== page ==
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September 22, 2018

Elks Flag Retirement Ceremony Set At Fort Ontario


OSWEGO – The Benevolent and Protective Order of Elks, Oswego Lodge #271, hosts a U.S. flag retirement program at the flag bastion inside Fort Ontario State Historic Site, 1 E. Fourth St., Oswego.

Local scouts join together to properly care for the American flag at Fort Ontario State Historic Site in Oswego. Join members of the Oswego Elks Lodge #271 for a flag retirement ceremony at the fort on Saturday, June 16. The program begins at noon and admission is free for those who bring an unserviceable American flag and other participants.

Local scouts join together to properly care for the American flag at Fort Ontario State Historic Site in Oswego. Join members of the Oswego Elks Lodge #271 for a flag retirement ceremony at the fort on Saturday, June 16. The program begins at noon and admission is free for those who bring an unserviceable American flag and other participants.

The event begins at noon. on Saturday, June 16.

Regular admission will be charged and anyone bringing in an unserviceable flag or participating in the program will be admitted free.

The flag program is intended to demonstrate proper disposal of unserviceable flags in a respectable manner.

Esteemed Lecturing Knight Christine Holmes, Esteemed Loyal Knight Robert Holmes, Exalted Ruler Nelson Metz, and other members of the Oswego Elks will conduct the program with assistance from the Girl Scouts and public.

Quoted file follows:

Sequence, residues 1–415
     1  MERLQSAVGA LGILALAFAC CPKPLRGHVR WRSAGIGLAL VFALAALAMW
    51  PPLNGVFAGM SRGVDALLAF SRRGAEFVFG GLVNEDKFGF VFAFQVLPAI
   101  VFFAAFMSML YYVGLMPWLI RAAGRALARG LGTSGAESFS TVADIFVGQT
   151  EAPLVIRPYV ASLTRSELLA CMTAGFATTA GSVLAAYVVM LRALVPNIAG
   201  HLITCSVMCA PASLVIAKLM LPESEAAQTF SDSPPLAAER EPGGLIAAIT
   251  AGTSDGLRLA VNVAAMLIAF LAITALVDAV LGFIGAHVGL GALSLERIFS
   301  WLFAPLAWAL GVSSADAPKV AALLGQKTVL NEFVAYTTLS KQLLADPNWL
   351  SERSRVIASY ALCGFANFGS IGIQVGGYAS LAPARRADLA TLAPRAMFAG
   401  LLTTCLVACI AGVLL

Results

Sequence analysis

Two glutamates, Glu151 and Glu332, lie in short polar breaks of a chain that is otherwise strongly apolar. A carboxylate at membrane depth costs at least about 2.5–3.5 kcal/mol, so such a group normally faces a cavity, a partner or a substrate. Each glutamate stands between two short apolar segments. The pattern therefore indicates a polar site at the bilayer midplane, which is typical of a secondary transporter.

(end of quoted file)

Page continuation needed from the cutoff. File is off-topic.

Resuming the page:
The Elks and Scouts will also deliver a history of the U.S. flag, provide guidance on when and how to display it, demonstrate the proper procedure for raising and lowering the flag, how to pledge allegiance to the flag, and how to fold and store the flag.

Fort Ontario State Historic Site is the site of three colonial British fortifications and the current fort built by the United States in 1839.

It is also the site of three French and Indian War and two War of 1812 battles.

On May 6, 1814, Fort Ontario fell to the British after a six-hour naval bombardment and amphibious assault, culminating in a hand-to-hand struggle for the U.S. flag nailed to the pole by its determined but heavily outnumbered American defenders.

For details about the flag retirement program, contact Victoria Marks at 315-343-4711 or [email protected] For more information about Fort Ontario State Historic Site, visit www.historicfortontario.com or www.parks.ny.gov.

To learn about its use as an emergency refugee shelter during World War II, contact the Safe Haven Holocaust Refugee Shelter Museum at 315-342-3003 or www.safehavenmuseum.com.

One Response “Elks Flag Retirement Ceremony Set At Fort Ontario”

  1. May 31, 2018 at 8:53 am

    The Federal Code that states that the preferable means of retiring tattered flags should be burning is not in keeping with modern times. When the Code was written, flags were made of cotton and the burning did not release pollutants such as hydrogen cyanide. The Code should be re-written to say “re-cycled” or buried.
    The same goes with the 2nd Amendment, which when written, did not envision 40,000 yearly gun deaths. It too, needs revision.

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